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Precision Control of Superconductivity in Atomic Layers Using Magnetic Molecules

—The Key Is the Manipulation of “Hidden Degrees of Freedom” in Molecules—

National Institute for Materials Science (NIMS)
School of Engineering, University of Tokyo
Institute for Molecular Science (IMS), National Institutes of Natural Sciences (NINS)
Chiba University

A joint research team consisting of NIMS, University of Tokyo, NINS, and Chiba University succeeded in precisely controlling the transition temperature of atomic-scale-thick superconductors using magnetic organic molecules. The team also identified the control mechanism. (“Controlled Modification of Superconductivity in Epitaxial Atomic Layer–Organic Molecule Heterostructures”, Shunsuke Yoshizawa, Emi Minamitani, Saranyan Vijayaraghavan, Puneet Mishra, Yasumasa Takagi, Toshihiko Yokoyama, Hiroaki Oba, Jun Nitta, Kazuyuki Sakamoto, Satoshi Watanabe, Tomonobu Nakayama, and Takashi Uchihashi, Nano Lett., 2017, 17 (4), pp 2287–2293, DOI: 10.1021/acs.nanolett.6b05010)

Abstract

  1. A research team led by Shunsuke Yoshizawa, ICYS researcher, NIMS, Takashi Uchihashi, leader of the Surface Quantum Phase Materials Group, MANA, NIMS, Emi Minamitani, assistant professor, School of Engineering, University of Tokyo, Toshihiko Yokoyama, professor, IMS, NINS, and Kazuyuki Sakamoto, professor, Graduate School of Advanced Integration Science, Chiba University, succeeded in precisely controlling the transition temperature of atomic-scale-thick superconductors using magnetic organic molecules. The team also identified the control mechanism.
  2. Atomic layer materials, including graphene, have been actively studied in recent years. In particular, much attention has been drawn to discoveries of superconducting atomic layer materials with a high transition temperature. These materials are superior to bulk materials in that their superconducting properties can be controlled through carrier doping of their surfaces/interfaces. However, it had been difficult to understand the mechanism of carrier doping at the microscopic level.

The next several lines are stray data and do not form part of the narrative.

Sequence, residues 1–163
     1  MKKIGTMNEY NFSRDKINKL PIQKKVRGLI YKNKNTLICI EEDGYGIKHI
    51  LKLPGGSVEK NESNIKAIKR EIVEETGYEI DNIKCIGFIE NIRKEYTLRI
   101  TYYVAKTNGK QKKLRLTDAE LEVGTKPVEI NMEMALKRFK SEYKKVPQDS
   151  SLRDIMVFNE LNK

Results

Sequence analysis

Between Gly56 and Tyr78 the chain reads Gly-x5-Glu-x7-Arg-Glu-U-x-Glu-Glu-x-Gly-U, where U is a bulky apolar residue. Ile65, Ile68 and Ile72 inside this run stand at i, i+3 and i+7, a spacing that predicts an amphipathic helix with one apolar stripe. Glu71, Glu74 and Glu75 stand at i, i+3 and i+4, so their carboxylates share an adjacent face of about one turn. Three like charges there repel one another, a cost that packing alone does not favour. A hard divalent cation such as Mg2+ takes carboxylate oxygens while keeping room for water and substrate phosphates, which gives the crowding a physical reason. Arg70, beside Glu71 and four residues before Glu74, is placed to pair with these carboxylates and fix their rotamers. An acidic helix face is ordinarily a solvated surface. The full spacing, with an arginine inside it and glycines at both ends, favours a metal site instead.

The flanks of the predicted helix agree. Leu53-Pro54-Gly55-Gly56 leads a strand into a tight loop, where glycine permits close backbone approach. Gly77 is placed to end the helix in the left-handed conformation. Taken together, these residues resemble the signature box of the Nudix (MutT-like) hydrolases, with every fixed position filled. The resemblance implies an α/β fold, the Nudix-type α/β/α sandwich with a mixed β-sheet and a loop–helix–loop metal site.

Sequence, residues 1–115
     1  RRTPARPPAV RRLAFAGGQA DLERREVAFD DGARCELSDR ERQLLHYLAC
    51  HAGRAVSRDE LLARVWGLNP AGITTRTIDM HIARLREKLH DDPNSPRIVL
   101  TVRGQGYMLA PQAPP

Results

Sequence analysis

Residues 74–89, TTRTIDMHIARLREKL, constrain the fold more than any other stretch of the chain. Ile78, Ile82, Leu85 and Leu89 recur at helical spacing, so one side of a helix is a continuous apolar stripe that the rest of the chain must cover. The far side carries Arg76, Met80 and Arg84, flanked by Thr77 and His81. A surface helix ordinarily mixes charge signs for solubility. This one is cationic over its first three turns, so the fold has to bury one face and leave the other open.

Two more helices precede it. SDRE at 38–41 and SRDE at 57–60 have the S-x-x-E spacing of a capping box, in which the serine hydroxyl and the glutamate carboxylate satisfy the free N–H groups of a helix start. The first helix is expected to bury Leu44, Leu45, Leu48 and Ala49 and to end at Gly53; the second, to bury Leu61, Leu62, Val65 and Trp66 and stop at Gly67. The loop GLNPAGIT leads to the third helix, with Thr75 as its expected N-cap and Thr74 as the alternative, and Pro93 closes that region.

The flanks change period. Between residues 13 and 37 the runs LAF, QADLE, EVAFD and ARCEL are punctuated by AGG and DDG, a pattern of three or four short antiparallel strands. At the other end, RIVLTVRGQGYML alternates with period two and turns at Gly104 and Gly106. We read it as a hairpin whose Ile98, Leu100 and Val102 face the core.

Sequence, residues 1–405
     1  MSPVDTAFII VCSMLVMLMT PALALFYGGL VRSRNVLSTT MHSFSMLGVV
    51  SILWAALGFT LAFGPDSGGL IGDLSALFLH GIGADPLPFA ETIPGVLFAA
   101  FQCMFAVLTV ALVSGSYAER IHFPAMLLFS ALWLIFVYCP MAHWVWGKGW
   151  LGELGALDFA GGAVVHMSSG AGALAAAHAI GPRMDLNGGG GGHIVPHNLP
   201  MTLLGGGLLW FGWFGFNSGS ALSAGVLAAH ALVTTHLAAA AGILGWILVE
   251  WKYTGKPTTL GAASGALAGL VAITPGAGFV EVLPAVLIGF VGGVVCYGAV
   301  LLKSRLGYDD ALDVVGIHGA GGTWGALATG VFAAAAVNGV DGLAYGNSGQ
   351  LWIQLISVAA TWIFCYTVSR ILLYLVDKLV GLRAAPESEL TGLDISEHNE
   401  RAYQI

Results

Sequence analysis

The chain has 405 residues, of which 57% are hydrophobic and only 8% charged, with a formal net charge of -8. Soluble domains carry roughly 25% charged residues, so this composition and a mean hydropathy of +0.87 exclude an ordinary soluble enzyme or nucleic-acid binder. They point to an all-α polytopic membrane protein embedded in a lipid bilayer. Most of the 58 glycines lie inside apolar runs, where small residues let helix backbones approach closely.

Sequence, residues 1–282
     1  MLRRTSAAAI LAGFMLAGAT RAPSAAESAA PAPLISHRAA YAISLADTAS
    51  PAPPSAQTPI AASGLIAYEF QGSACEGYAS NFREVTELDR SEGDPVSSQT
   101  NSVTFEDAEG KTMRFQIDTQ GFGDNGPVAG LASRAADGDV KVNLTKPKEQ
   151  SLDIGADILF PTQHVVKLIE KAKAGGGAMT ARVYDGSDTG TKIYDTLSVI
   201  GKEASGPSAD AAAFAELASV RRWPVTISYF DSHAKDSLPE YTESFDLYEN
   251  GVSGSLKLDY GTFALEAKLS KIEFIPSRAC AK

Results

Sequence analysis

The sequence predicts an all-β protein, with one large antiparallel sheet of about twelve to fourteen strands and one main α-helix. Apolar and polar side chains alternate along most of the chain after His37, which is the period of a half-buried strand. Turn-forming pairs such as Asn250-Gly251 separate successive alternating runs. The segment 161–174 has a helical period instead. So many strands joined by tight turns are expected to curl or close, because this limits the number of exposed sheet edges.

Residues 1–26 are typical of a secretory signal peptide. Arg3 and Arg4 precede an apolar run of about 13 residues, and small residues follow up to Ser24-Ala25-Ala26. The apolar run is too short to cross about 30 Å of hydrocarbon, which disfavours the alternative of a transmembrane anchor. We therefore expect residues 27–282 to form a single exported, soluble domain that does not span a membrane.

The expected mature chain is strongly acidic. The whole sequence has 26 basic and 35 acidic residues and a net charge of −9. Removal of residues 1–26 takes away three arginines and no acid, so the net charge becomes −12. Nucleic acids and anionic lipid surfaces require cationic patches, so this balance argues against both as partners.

3. The research team recently succeeded for the first time in precisely controlling the transition temperature of superconducting atomic layers using organic molecules. To achieve this, the team fabricated an ideal heterostructure consisting of a superconducting atomic layer and a layer of highly ordered organic molecules on top of the atomic layer. The creation of the heterostructure enabled the team to perform a detailed study on the mechanism behind the doping of atomic layer materials. Consequently, the analysis revealed that the metal atoms at the center of the organic molecules retained electron spins , which could generate magnetism. In addition, the team found that change in superconducting transition temperature is strongly influenced by competition between electron charge and spin in the organic molecules. Moreover, the team discovered that the spin effect is governed by the direction of electron orbitals, which can be viewed as “hidden degrees of freedom” in molecules.